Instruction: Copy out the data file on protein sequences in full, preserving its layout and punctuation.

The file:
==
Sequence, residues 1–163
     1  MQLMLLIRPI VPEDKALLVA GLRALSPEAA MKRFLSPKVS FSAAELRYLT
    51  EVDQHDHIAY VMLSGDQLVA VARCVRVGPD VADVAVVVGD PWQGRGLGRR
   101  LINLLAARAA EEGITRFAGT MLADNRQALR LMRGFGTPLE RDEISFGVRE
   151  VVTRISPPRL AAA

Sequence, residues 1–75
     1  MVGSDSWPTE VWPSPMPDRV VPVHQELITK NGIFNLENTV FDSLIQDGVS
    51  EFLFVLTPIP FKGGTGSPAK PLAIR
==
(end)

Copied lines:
Sequence, residues 1–163
     1  MQLMLLIRPI VPEDKALLVA GLRALSPEAA MKRFLSPKVS FSAAELRYLT
    51  EVDQHDHIAY VMLSGDQLVA VARCVRVGPD VADVAVVVGD PWQGRGLGRR
   101  LINLLAARAA EEGITRFAGT MLADNRQALR LMRGFGTPLE RDEISFGVRE
   151  VVTRISPPRL AAA

Sequence, residues 1–75
     1  MVGSDSWPTE VWPSPMPDRV VPVHQELITK NGIFNLENTV FDSLIQDGVS
    51  EFLFVLTPIP FKGGTGSPAK PLAIR